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WELCOME TO THE 2011 - Harvard Initiative for Global Health ...

WELCOME TO THE 2011 - Harvard Initiative for Global Health ...

transfer into irradiated

transfer into irradiated recipients, we find that CD8 + Rg T cell mediated protection requires IFN- �, but does not require perforin. This new Rg mouse model, the first expressing CD8 + T cells specific for an Mtb epitope, will be useful for defining the molecular basis of CD8 + T cell expansion during infection and the mechanism(s) underlying their protective capacity. Biography: Cláudio Nunes-Alves is a visiting PhD student in Sam Behar’s lab (BWH/HMS, Boston), co-supervised by Margarida Correia-Neves (ICVS, Braga, Portugal) and Christophe Benoist (HMS, Boston). He graduated in Biochemistry from Universidade do Porto (Portugal). During a short fellowship at the Bacterial Cell Surface and Pathogenesis Group at the ITQB (Lisbon, Portugal) he focused on the role of the bacterial cell wall on the host innate immune response, and became interested in the interaction between bacteria and the immune system. He then moved to ICVS (Braga, Portugal) where he started focusing on the immune response to mycobacterial infection. During these last years he has been focusing on different aspects of T cell biology at different stages of Mycobacterium tuberculosis (Mtb) infection such as MTb dissemination to the thymus and it’s influence on T cell differentiation; the kinetics of CD8 + T cell priming following infection; and the mechanisms behind CD8 + T cell protection during tuberculosis. 5) Evolution of drug-resistant tuberculosis: results of whole genome tests for natural selection Maha Farhat, MD 1 Jesse Shapiro, PhD 2 Razvan Sultana 3 , Megan Murray, MD ScD 4 1 Fellow Harvard Pulmonary and Critical Care Medicine. Massachusetts General Hospital. 2 Harvard Department of Organismic and Evolutionary Biology, Center for Communicable Disease Dynamics, and Broad Institute. 3 Boston University Bioinformatics and Computational Biology, Dana Farber Cancer Institute 4 Harvard School of Public Health, Division of Global Health and Equity Harvard Medical School Abstract: Background: Drug resistance occurs in the absence of a known causal mutation in 10-40% of clinically resistant Mycobacterium tuberculosis (MTb) strains. Theoretical work suggests that resistance is often accompanied by an initial loss of pathogenicity, which may be overcome by the acquisition of compensatory mutations. To date there has been no systematic genomewide search for novel genes causing or associated with resistance. Methods: Using a set of 123 whole genome sequences of resistant and sensitive MTb strains, we inferred mutations and genes under positive selection in resistant strains using three independent metrics: dN/dS, evolutionary convergence, and physical clustering of resistance-associated mutations in the genome. We validated each method by its sensitivity in detecting previously known drug resistance genes. Results: We successfully identified 11 of the known drug-resistant genes with convergence, which significantly outperformed the more commonly used dN/dS method. The clustering method performed comparably, with slightly lower sensitivity than convergence. Overall, we identified a high-confidence set of candidate genes associated with drug resistance. Among these candidate genes were rpoC, and genes associated with PDIM biosynthesis. Conclusion: Whole genome sequences can be used to identify candidate genes associated with drug resistance in tuberculosis. These genes may either be causally linked with resistance, or compensate for fitness losses associated with causal mutations. Biography: Maha Farhat,MD is a graduate of the American University of Beirut, and McGill Universities. She is currently a clinical and research fellow in Pulmonary and Critical Care at the Harvard affiliated hospitals. Her current research is under the mentorship of Dr. Megan Murray at the Harvard Medical School Department of Global Health and Social Medicine. She focuses 9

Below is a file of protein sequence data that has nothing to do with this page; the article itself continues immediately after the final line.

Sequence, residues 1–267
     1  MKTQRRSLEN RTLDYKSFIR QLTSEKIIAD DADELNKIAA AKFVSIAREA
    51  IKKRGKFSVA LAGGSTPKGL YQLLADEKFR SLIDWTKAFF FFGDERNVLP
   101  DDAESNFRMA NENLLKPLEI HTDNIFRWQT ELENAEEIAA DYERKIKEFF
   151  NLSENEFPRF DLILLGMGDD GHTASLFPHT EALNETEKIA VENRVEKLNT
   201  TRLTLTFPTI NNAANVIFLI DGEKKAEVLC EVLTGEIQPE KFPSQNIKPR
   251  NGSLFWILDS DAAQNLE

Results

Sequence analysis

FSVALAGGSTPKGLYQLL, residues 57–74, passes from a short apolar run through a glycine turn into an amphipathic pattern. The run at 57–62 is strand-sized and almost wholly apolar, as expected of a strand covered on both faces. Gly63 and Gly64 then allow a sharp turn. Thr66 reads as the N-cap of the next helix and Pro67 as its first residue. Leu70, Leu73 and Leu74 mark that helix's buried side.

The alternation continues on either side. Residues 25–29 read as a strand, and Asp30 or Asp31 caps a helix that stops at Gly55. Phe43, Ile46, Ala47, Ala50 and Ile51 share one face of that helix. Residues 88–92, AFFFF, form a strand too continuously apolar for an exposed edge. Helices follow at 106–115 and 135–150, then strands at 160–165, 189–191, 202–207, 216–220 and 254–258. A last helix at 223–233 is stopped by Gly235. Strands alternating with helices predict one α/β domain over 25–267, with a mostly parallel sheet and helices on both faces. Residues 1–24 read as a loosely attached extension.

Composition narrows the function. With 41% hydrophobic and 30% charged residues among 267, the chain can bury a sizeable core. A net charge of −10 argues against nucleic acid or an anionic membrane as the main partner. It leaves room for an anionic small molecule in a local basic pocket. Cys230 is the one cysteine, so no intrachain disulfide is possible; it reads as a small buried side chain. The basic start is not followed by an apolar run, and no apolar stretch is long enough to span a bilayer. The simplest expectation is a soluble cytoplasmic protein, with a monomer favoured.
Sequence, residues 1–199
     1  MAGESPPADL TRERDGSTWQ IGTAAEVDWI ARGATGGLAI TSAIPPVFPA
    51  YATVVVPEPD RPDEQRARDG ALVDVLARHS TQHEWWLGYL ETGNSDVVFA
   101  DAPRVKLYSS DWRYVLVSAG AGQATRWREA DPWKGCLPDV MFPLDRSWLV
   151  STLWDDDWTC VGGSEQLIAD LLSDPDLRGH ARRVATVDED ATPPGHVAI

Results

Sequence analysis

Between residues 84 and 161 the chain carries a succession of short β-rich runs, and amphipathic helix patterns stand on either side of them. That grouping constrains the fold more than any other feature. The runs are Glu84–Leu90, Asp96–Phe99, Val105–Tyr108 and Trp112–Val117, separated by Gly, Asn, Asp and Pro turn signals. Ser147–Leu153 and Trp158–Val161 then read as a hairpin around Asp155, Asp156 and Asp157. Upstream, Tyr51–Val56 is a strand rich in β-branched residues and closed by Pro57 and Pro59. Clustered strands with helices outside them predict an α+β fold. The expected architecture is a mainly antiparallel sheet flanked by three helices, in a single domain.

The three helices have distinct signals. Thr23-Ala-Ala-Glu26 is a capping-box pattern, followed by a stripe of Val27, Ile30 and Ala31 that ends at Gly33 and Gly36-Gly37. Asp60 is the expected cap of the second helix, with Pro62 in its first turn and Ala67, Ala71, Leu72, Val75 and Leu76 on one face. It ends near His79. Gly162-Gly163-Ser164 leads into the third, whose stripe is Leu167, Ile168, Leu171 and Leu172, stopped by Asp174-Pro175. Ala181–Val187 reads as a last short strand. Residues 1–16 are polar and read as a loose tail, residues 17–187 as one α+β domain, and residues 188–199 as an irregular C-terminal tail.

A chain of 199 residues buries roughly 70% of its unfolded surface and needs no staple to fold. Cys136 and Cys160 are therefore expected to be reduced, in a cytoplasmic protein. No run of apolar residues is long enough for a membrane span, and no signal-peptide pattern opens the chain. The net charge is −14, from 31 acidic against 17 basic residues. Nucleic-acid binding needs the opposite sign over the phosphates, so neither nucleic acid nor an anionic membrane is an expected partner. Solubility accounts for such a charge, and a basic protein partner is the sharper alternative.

on using computational and evolutionary biology tools to understand drug resistance in TB through the study of its whole genome sequence. 6) Aggregate reports mask spatial clustering of drug-resistant tuberculosis Helen E. Jenkins 1,2* , Valeriu Plesca 3 , Anisoara Ciobanu 3 , Valeriu Crudu 4 , Irina Galusca 3 , Viorel Soltan 5 , Aliona Serbulenco 5 , Victoria Petrica 5 , Matteo Zignol 6 , Andrei Dadu 7 , Masoud Dara 7 , Ted Cohen 1,8 1 Brigham and Women’s Hospital, Boston, USA, 2 Harvard Medical School, Boston, USA, 3 National Centre of Health Management, Chisinau, Republic of Moldova, 4 Center for Health Policies and Studies, Chisinau, Republic of Moldova, 5 Ministry of Health, Chisinau, Republic of Moldova, 6 Stop TB Department, World Health Organization, Geneva, Switzerland, 7 World Health Organization, Regional Office for Europe, Copenhagen, Denmark, 8 Harvard School of Public Health, Boston, USA Abstract: Background: Multi-drug-resistant tuberculosis (MDR-TB) threatens tuberculosis (TB) control. The highest reported proportions of TB cases with MDR-TB are in countries of the former Soviet Union. Methods: We analyzed surveillance data on all TB cases notified between 2007 and 2010 from the Republic of Moldova, a small country where patients experience one of the highest risks of MDR-TB in the world. High drug susceptibility testing coverage (>95% of culture-positive TB cases) and availability of case location data allowed us to estimate local incidences of MDR-TB and identify sub-regional areas where cases were at relatively high risk of MDR-TB. We also investigated whether geographic concentration of cases with risk factors for MDR-TB could account for spatial variation in the risk of MDR-TB. Results: 3,447 MDR-TB cases were diagnosed; 24% of new and 62% of previously treated patients had MDR-TB. We estimated a nationwide MDR-TB incidence of 54 cases/100,000 persons/year and >1,000 cases/100,000 persons/year within penitentiaries. We found striking regional variation in the estimated incidence of MDR-TB (range: 18-102/100,000 persons/year); mapping of cases allowed us to identify local areas with increased MDR-TB risk. Locations where a relatively high proportion of cases had previously been in detention were more likely to be identified as MDR hotspots. Conclusions: Spatial analysis of drug-resistance surveillance data shows striking geographic heterogeneity of MDR-TB even within a small country and suggests possible local drivers of resistance. Identifying locations where cases are at increased risk of resistance suggests opportunities for prioritizing resources for control. This work was supported by Award Number U54GM088558 from the National Institute of General Medical Sciences. Biography: Helen Jenkins, Ph.D. is a Research Fellow in the Division of Global Health Equity at Brigham and Women's Hospital working with Ted Cohen on drug-resistant tuberculosis. She received her PhD from Imperial College, London where her work focused on the epidemiology and elimination of polio in Nigeria. Helen uses statistical methods to answer policy-relevant questions about infectious diseases. 10